Semiconductor shortages a headwind for new car prices

While car prices down under have remained relatively competitive in recent years as the industry faces heightened competition and subdued consumer demand, a new issue has emerged that has the potential to keep a cap on those aggressive prices. And that relates to a shortage in semiconductors. The dynamic could even lead to higher prices, as a supply-demand imbalance catches numerous parties off guard.

Semiconductors - why are they important?

Amid the impact of COVID-19, many manufacturers have been facing difficulties sourcing semiconductors as a shortage emerges across the industry. These components are vital in the car manufacturing process, used in everything from the latest state-of-the-art safety technology, right through to your dashboard and infotainment system.

In fact, many drivers are probably unaware of this, but today's latest cars use a small army of microchips and semiconductors to help realise incredible results. Most of the new cars released in the last couple years use as many as 200 chips, whereas for hybrid and electric vehicles, this number is significantly greater, estimated at more than 3000 semiconductors.

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What impact is this having right now?

The result of this critical part shortage is - you guessed it - delays. If you've been visiting dealerships lately, and heard wind that they have no stock for the car model you're interested in, this very well could be one of the reasons why. It is worth noting that logistical bottlenecks have also proven to be another barrier.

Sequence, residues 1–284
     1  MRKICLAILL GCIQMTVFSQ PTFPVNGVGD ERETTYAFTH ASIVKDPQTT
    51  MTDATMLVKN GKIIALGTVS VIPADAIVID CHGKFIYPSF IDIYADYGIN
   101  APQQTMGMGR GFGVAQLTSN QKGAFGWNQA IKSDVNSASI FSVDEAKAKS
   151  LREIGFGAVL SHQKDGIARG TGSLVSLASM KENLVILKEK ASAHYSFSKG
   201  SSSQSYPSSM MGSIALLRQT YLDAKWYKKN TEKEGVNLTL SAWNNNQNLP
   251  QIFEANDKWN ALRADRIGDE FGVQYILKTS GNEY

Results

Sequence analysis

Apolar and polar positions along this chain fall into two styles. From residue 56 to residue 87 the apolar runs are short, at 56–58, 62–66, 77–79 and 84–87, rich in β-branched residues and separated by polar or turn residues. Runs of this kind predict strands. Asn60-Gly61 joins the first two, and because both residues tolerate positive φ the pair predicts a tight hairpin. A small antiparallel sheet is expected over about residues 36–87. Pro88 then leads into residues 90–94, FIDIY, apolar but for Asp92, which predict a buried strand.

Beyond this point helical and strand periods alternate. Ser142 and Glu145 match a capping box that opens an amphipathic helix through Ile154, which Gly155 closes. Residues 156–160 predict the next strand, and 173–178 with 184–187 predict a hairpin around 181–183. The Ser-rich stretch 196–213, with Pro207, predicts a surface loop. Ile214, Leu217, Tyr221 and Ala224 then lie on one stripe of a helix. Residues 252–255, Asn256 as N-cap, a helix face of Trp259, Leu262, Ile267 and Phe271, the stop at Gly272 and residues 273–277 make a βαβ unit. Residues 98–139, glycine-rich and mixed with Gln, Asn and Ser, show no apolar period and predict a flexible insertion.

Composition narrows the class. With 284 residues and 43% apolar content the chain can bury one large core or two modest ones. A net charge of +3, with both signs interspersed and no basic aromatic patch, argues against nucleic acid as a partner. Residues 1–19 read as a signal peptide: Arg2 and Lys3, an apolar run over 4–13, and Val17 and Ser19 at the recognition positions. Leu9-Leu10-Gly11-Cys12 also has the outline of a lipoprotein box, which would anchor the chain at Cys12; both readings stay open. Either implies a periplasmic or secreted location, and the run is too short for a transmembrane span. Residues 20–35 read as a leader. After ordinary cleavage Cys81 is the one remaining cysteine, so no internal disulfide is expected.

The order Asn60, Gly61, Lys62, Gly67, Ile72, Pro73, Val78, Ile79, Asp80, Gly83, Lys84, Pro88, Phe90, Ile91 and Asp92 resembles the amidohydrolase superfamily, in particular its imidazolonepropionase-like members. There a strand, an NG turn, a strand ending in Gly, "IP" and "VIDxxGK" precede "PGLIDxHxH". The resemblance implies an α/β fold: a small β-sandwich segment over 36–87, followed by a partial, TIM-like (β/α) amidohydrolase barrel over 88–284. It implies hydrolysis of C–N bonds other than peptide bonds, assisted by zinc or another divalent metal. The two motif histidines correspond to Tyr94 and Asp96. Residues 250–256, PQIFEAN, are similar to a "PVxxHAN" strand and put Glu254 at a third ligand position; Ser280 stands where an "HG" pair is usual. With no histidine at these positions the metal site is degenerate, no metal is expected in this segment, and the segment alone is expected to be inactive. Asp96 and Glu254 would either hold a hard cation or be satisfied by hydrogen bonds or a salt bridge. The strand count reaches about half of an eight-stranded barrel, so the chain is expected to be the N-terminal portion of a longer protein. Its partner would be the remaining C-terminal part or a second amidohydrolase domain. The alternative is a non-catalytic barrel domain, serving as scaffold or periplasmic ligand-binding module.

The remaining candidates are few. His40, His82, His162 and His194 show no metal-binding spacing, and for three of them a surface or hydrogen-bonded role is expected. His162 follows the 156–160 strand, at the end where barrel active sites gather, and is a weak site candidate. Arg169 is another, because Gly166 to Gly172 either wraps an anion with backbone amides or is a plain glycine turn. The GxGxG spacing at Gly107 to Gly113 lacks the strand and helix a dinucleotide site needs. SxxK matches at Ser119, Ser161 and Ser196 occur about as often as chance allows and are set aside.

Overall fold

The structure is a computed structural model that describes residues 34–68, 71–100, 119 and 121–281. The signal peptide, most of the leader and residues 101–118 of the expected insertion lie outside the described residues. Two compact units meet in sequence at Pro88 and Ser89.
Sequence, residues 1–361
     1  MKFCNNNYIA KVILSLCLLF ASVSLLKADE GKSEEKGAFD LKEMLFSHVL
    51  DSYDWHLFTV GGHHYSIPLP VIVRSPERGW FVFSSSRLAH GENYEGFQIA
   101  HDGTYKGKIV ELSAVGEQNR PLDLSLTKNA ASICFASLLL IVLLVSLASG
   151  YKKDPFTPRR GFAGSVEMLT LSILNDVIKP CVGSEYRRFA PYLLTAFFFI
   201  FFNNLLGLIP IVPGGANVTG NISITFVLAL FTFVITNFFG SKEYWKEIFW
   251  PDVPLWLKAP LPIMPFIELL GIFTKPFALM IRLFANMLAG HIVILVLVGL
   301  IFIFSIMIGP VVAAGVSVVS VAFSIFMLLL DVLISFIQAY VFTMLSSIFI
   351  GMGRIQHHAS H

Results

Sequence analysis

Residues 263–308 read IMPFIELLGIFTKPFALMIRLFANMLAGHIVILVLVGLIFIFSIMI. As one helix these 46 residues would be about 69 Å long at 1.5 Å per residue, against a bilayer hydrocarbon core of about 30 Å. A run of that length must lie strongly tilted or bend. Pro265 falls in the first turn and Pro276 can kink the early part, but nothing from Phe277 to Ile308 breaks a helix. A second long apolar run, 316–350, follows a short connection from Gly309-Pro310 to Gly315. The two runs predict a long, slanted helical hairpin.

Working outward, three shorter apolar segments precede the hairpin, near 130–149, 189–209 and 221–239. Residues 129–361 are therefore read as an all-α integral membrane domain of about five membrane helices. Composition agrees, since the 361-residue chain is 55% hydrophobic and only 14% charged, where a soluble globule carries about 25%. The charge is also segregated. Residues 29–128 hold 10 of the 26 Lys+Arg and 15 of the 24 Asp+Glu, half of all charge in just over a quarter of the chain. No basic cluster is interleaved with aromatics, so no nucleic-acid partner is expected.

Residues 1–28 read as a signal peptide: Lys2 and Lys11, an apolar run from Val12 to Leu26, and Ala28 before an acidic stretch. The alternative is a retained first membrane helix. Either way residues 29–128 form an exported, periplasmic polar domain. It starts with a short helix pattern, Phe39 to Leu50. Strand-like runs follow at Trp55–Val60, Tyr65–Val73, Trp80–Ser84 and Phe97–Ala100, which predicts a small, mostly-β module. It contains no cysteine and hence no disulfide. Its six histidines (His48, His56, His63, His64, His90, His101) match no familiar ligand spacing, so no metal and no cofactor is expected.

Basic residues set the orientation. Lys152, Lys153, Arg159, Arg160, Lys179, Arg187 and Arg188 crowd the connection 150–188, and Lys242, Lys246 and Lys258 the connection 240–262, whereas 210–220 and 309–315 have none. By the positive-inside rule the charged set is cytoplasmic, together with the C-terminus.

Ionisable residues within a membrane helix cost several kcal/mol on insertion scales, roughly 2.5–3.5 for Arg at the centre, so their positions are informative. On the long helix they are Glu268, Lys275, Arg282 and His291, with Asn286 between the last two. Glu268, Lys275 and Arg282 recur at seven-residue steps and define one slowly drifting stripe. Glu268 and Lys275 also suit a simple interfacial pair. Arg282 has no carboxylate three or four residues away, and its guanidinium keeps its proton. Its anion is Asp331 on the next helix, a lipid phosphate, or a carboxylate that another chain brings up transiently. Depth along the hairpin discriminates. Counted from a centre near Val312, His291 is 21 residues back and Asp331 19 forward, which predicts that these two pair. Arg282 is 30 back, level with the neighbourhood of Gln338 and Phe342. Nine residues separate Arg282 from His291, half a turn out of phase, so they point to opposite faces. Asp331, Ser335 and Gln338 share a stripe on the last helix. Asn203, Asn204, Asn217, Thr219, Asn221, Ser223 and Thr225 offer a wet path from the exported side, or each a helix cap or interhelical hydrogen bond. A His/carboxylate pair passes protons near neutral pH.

Nonetheless, delays arising from semiconductor shortages have reportedly spanned as long as 12 months, although for the majority of cars that appeal to your 'average' new car buyer, the delays are in the vicinity of a few weeks or a few months. Even then, that could be enough to put some drivers off buying a certain car.

Not helping the cause is the better-than-expected recovery in the new car market. Australia's new car industry was in a downtrend for 31 months before, finally, the months of November and December 2020 saw the first year-on-year growth in sales numbers.

All of this means that manufacturers of microchips have been caught out by the unexpected demand stemming from the car industry, all the while already having struggled to cope with the meteoric rise in demand for electronic goods as more people have been required to work from or stay at home.

Next time you step into a dealership, keep in mind that manufacturers might be in a tight spot waiting for stock to arrive, held up in manufacturing due to the shortage of semiconductors. That could leave you with less scope to negotiate right this minute, especially if someone else is prepared to pay top dollar, although this will of course vary from one brand to the next. 

 

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